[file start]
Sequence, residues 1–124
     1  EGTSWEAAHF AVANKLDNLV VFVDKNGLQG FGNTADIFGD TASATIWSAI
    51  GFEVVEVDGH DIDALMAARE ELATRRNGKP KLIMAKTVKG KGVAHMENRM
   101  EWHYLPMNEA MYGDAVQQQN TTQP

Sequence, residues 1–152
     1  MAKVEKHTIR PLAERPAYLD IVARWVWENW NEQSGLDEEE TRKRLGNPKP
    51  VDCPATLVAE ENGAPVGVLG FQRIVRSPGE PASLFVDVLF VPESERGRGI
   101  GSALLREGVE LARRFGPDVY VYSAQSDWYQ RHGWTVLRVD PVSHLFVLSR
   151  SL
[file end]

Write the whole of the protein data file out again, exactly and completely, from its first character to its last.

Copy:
Sequence, residues 1–124
     1  EGTSWEAAHF AVANKLDNLV VFVDKNGLQG FGNTADIFGD TASATIWSAI
    51  GFEVVEVDGH DIDALMAARE ELATRRNGKP KLIMAKTVKG KGVAHMENRM
   101  EWHYLPMNEA MYGDAVQQQN TTQP

Sequence, residues 1–152
     1  MAKVEKHTIR PLAERPAYLD IVARWVWENW NEQSGLDEEE TRKRLGNPKP
    51  VDCPATLVAE ENGAPVGVLG FQRIVRSPGE PASLFVDVLF VPESERGRGI
   101  GSALLREGVE LARRFGPDVY VYSAQSDWYQ RHGWTVLRVD PVSHLFVLSR
   151  SL